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People file into Greensburg health department office to free doses of overdose reversal drug | TribLIVE.com
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People file into Greensburg health department office to free doses of overdose reversal drug

Renatta Signorini
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Dan Speicher | Tribune-Review
A woman watches a video tutorial on how to administer naloxone during the state’s free naloxone distribution event in Greensburg on Thursday, Dec. 13, 2018.
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Dan Speicher | Tribune-Review
Beverly Lancaster, of Jeannette, gets instruction from Whitney Mullen from the PA Dept. of Health, during the states naloxone distribution at the Pennsylvania Department of Health in Greensburg, on Thursday, on Dec. 13, 2018. Lancaster's grandson overdosed a year ago and was saved by a neighbor with the drug.
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Dan Speicher | Tribune-Review
Tim Phillips of the Westmoreland County Drug Overdose Task Force talks about how opioids are impacting the area during the state’s free naloxone distribution event in Greensburg on Thursday, Dec. 13, 2018.
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Dan Speicher | Tribune-Review
Beverly Lancaster, of Jeannette, gets instruction from Whitney Mullen from the Pennsylvania Department of Health during the state’s free naloxone distribution event in Greensburg on Thursday, Dec. 13, 2018. Lancaster’s grandson overdosed a year ago and was saved by a neighbor with the drug.
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Dan Speicher | Tribune-Review
Beverly Lancaster, of Jeannette, gets instruction from Whitney Mullen from the Pennsylvania Department of Health during the state’s free naloxone distribution event in Greensburg on Thursday, Dec. 13, 2018. Lancaster’s grandson overdosed a year ago and was saved by a neighbor with the drug.

A steady stream of visitors left the state health department’s Greensburg office on Thursday with an item that could help save a life.

Beverly Lancaster of Jeannette thinks naloxone, an opioid overdose reversal drug, is important to have after a neighbor who had a kit saved her grandson’s life about a year ago.

“Any life, if there’s a chance to save it, should be saved,” Lancaster said.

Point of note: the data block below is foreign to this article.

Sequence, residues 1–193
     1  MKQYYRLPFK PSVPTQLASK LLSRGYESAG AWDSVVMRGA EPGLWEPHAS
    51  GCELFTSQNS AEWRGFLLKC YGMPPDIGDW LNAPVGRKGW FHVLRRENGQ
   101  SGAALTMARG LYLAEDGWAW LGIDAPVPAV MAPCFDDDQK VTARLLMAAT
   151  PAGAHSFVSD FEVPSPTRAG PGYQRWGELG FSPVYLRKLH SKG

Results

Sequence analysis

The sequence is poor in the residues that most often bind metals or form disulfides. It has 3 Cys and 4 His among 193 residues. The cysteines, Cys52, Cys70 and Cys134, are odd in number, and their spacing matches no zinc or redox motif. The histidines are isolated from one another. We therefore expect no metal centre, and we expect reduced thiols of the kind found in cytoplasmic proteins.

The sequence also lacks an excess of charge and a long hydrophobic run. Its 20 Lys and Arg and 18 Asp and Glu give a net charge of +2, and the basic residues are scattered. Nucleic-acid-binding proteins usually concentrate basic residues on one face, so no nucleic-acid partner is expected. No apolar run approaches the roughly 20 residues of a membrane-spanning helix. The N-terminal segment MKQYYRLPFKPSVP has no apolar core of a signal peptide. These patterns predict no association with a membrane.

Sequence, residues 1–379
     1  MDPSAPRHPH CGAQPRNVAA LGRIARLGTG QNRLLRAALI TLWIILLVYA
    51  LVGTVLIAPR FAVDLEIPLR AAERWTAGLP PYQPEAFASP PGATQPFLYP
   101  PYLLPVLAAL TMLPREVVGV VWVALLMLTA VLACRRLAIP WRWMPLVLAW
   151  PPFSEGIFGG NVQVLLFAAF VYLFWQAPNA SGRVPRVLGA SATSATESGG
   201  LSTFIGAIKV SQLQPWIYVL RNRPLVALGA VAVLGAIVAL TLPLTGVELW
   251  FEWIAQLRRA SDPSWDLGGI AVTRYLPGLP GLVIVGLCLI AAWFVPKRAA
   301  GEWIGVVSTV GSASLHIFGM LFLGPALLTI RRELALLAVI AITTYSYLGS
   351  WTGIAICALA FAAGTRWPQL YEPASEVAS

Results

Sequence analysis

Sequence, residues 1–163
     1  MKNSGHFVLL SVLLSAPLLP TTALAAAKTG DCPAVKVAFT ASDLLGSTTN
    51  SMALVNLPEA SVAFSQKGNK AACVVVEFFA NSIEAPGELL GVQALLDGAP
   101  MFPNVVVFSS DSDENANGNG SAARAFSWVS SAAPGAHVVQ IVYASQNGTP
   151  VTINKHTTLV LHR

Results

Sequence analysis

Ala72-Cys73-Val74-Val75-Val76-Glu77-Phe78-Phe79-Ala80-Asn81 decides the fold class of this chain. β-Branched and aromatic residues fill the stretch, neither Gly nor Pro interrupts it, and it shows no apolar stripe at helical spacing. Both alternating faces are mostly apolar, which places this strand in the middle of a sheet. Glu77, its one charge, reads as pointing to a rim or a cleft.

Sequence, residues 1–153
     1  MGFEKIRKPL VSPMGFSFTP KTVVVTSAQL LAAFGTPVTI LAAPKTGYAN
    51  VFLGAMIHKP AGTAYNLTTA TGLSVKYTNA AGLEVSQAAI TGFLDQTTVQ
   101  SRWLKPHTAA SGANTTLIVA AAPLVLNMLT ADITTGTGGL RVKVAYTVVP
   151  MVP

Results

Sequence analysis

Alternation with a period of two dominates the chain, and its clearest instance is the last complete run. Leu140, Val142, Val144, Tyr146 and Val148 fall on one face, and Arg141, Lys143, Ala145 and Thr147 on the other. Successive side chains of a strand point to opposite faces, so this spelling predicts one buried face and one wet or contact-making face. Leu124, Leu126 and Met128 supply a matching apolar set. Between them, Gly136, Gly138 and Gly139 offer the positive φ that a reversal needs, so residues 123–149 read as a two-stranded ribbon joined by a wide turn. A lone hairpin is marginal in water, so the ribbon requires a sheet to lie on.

Dozens of people took advantage locally of a free statewide distribution of more than 5,100 kits of naloxone, each of which contain two doses of the potentially life-saving drug. State employees handed out the kits at 80 locations and and provided pamphlets and magnets about how to use it. Recipients watched a 90-second video of Pennsylvania Physician General Dr. Rachel Levine demonstrate how to use the nasal spray.

It can reverse overdoses by blocking opioids’ effect on the brain and respiratory system.

Tim Phillips, director of the Westmoreland County Drug Overdose Task Force, said the statewide effort is a great way to help. When naloxone started to be discussed publicly as an option a few years ago as a way to help reduce drug overdose deaths, there was skepticism from regular people who attended awareness and prevention forums, Phillips said.

But much of that has disappeared. The nasal spray is less intimidating, Phillips said.

“This stuff makes it a lot more convenient” and reduces fears, he said.

The drug is also regularly available at most pharmacies in Pennsylvania, at little or no cost for those with insurance, under a standing order Levine issued in 2015. Lancaster said her daughter’s best friend and the friend’s husband died from drug overdoses within a year of each other.

She thinks more people and businesses should be equipped to help anyone in need.

“There’s so many young people dying with this,” she said.

From 2007 through 2017, Westmoreland County experienced 1,018 overdose deaths — including a record-high 193 last year. As of Dec. 1, the county coroner’s office had confirmed 97 overdose deaths in 2018, with another 17 still being investigated.

Renatta Signorini is a Tribune-Review staff writer. You can contact Renatta at 724-837-5374, [email protected] or via Twitter @byrenatta.

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